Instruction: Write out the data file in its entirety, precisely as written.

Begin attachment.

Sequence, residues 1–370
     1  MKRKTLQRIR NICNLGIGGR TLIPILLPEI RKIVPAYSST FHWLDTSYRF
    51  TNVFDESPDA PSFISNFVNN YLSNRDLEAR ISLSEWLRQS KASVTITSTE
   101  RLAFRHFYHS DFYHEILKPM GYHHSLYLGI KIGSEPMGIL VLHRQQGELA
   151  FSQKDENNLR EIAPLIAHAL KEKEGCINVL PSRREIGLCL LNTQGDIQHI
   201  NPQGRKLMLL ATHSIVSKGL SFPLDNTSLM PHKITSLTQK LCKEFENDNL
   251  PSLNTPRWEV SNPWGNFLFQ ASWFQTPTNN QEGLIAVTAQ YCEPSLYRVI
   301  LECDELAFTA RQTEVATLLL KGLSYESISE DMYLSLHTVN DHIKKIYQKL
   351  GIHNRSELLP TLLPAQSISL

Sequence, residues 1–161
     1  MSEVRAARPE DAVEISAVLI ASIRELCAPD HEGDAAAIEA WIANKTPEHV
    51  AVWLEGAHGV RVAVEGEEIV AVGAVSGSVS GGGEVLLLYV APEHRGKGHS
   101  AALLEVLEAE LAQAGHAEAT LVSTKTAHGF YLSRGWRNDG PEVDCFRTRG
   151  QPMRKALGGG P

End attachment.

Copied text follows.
Sequence, residues 1–370
     1  MKRKTLQRIR NICNLGIGGR TLIPILLPEI RKIVPAYSST FHWLDTSYRF
    51  TNVFDESPDA PSFISNFVNN YLSNRDLEAR ISLSEWLRQS KASVTITSTE
   101  RLAFRHFYHS DFYHEILKPM GYHHSLYLGI KIGSEPMGIL VLHRQQGELA
   151  FSQKDENNLR EIAPLIAHAL KEKEGCINVL PSRREIGLCL LNTQGDIQHI
   201  NPQGRKLMLL ATHSIVSKGL SFPLDNTSLM PHKITSLTQK LCKEFENDNL
   251  PSLNTPRWEV SNPWGNFLFQ ASWFQTPTNN QEGLIAVTAQ YCEPSLYRVI
   301  LECDELAFTA RQTEVATLLL KGLSYESISE DMYLSLHTVN DHIKKIYQKL
   351  GIHNRSELLP TLLPAQSISL

Sequence, residues 1–161
     1  MSEVRAARPE DAVEISAVLI ASIRELCAPD HEGDAAAIEA WIANKTPEHV
    51  AVWLEGAHGV RVAVEGEEIV AVGAVSGSVS GGGEVLLLYV APEHRGKGHS
   101  AALLEVLEAE LAQAGHAEAT LVSTKTAHGF YLSRGWRNDG PEVDCFRTRG
   151  QPMRKALGGG P